So in essence our opinions do not differ as much as you'd like to admit.

  • Comment number 13.

    #12. At 11:32am on 27 Feb 2010, James Murphy wrote:

    "But there's exactly my point. The online presence should be focused towards not only delivering content but also sparking discussion."

    But the worth of any such discussion(s) needs to be audited, what's the point of creating a place for ranters were the calm and collected thoughts of the few reasoned people just get swamped whilst the medium becomes unreadable (much like, in my opinion, the HYS forums are)? Anyway, the BBC has always been accessible and accountable (Mary Whitehouse saw to that), well since the mid 1960s anyway.

    Social media is all well and good, access and accountability all very well but there is more to it than just a place for disgruntled TVL fee payers to 'let off steam' about their pet hate or pet love...

  • Comment number 14.

    @12 Boilerplated wrote:

    "But the worth of any such discussion(s) needs to be audited, what's the point of creating a place for ranters were the calm and collected thoughts of the few reasoned people just get swamped whilst the medium becomes unreadable (much like, in my opinion, the HYS forums are)?"

    Part of the BBC mission statement states that:

    "Audiences are at the heart of everything we do."

    If that's the case then they need HYS as much as any other part of BBC online, if we agree with or not. What you're suggesting is that a couple of people decide what's best for the audience. You're in danger there of driving content and focus away from the audience in question. You're also assuming that the people who are chosen know exactly what the audience wants. Sometimes that isn't the case no matter how bright the person is.

    If you truly want to be audience centric then technology and social media needs to play a significant part. For example, scanning via twitter and forums for responses based on particular tags and with keywords. Sure you can't value everyone's opinion (at least not until AI seriously begins to play it's own role and computers truly understand the semantics of the human language) because we'd soon see the license fee sky-rocket since the cost of just providing a summary of a few threads is a time-consuming task in itself. That's the problem with user-generated content - it can quickly escalate out of control.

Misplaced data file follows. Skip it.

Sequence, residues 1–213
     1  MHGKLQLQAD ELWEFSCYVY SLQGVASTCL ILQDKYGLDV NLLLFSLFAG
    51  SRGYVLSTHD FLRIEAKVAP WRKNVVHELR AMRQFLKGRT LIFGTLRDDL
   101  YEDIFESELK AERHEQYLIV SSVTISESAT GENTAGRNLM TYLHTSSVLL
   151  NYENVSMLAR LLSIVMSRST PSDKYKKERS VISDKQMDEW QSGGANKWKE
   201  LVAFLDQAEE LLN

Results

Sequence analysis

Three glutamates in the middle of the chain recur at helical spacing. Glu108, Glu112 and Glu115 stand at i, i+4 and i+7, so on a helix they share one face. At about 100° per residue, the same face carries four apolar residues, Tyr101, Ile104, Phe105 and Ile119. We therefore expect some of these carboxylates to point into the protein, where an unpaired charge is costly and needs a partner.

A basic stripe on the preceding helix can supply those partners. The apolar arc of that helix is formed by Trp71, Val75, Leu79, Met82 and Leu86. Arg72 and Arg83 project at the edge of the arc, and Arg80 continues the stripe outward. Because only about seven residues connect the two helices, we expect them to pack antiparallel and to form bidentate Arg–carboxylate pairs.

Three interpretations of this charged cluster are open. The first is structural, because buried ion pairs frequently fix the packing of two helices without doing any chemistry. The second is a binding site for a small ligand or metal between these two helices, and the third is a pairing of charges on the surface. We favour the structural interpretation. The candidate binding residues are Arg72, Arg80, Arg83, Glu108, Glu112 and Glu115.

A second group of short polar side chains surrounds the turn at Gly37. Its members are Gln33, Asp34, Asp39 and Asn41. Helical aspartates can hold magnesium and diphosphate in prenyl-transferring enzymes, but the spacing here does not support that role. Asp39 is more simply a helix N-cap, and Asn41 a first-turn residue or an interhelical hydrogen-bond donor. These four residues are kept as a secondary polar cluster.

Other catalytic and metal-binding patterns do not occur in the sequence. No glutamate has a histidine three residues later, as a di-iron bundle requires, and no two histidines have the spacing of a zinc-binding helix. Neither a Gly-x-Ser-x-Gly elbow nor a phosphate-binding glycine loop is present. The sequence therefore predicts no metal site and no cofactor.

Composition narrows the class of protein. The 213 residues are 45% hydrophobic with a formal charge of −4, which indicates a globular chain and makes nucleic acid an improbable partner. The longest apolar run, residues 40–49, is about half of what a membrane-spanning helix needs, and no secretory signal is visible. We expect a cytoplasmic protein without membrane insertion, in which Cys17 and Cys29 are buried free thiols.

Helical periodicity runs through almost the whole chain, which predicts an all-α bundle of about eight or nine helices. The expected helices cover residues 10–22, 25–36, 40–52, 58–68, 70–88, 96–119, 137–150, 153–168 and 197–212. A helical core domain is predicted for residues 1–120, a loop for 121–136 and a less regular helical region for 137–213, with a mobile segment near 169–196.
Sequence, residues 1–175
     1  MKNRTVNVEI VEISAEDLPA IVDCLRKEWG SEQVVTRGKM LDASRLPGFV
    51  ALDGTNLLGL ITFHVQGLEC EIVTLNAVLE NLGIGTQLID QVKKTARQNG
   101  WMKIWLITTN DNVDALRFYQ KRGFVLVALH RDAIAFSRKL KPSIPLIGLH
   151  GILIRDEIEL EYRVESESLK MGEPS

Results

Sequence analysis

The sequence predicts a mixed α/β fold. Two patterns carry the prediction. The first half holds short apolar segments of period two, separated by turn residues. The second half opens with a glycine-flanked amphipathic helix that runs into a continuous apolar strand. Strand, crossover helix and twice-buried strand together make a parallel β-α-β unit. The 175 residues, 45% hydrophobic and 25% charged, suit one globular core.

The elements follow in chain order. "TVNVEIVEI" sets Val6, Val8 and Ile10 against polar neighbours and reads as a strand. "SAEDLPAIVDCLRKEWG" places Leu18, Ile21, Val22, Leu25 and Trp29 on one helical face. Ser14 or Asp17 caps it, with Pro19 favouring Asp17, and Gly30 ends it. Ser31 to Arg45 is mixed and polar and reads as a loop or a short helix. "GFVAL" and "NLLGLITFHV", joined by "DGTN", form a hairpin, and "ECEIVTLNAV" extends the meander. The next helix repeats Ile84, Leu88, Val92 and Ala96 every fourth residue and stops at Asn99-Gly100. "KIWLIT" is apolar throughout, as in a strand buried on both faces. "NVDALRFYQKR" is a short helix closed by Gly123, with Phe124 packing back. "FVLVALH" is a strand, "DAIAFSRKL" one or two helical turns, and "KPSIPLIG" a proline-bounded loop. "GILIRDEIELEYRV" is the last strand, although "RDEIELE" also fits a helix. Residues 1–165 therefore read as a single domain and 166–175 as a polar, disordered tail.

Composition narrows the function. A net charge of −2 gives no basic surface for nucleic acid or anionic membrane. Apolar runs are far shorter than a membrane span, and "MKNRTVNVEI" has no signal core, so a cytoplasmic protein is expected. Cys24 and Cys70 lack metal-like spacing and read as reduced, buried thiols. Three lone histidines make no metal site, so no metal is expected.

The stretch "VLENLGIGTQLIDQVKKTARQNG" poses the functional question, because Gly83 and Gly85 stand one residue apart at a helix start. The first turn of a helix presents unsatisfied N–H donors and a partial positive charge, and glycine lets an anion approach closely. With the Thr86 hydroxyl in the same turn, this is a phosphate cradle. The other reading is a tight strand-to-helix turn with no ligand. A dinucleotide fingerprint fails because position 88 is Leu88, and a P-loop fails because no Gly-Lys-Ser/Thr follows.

That's why I argue that a cut in Internet staff and funding would be a step backwards not forwards, it's clearly a decision not driven by logic or reason but by politics and bureaucracy.

  • Comment number 15.

    14. At 1:22pm on 27 Feb 2010, James Murphy wrote:

    "Part of the BBC mission statement states that:

    "Audiences are at the heart of everything we do."

    If that's the case then they need HYS as much as any other part of BBC online,"


    Indeed it does, but it doesn't say run by the audience, even less run by those who can shout the loudest for the longest...

    If you can access HYS then can access email, if you can write an entry for HYS you can write an email...

    "What you're suggesting is that a couple of people decide what's best for the audience."

    That will always be the case unless you really are suggesting the replacement of the BBC Trust and Board by an 'Audience Co-operative'!

    "If you truly want to be audience centric then technology and social media needs to play a significant part."

    Total rubbish, more people DO NOT use social media that do, social media is a very small part of the issue, social media could be zapped over night and it wouldn't change anything, as I said, want to contact the BBC, have access to a computer (that includes PDA. phones etc.) then you have access to email/webmail, if you don't have access to email then you can send a letter by 'snail-mail'...

  • Comment number 16.

    At 2:20pm on 27 Feb 2010, Boilerplated wrote:

    "run by the audience"

    I did not mean that they would be run by the audience, but that the audience would influence what they want to be viewed (within reason - clearly if they wanted to view public executions for example there would be something morally wrong).

    "That will always be the case unless you really are suggesting the replacement of the BBC Trust and Board by an 'Audience Co-operative'!"

    Decisions on what should be viewed are different from deciding how to run an organisation.

    "Total rubbish, more people DO NOT use social media that do"

    That may be the case for the moment, but statistics outlining the speed with which social mediums are being taken on are staggering.

    See this article at TechCrunch:- http://techcrunch.com/2009/08/12/facebook-grew-twice-as-fast-as-twitter-in-july/

    It records Facebook users at 400 million users. Given how many people actually have internet access in the world is absolutely staggering and in First World countries this is even higher...

    Sure some of them may be fads, Twitter and Facebook probably have a limited shelf-life until the next "big thing" comes along, but noone can deny the influence it has on especially the younger generation.

    Anyway I fear we are drifting off topic here.

  • Comment number 17.

    #16. At 3:44pm on 27 Feb 2010, James Murphy wrote:

    "At 2:20pm on 27 Feb 2010, Boilerplated wrote:

    "run by the audience"

    I did not mean that they would be run by the audience, but that the audience would influence what they want to be viewed"


    But that already occurs, the BBC doesn't need social media to achieve that, in fact if the BBC is going to be reliant on the vagaries of social media websites to do their audience research then they are admitting that they have a real problem, remember that 1/4 (2010 figures) of the adult population do not have access to a internet connection in the home, that is vast listener/viewer base that is immediately disenfranchised, just for starters.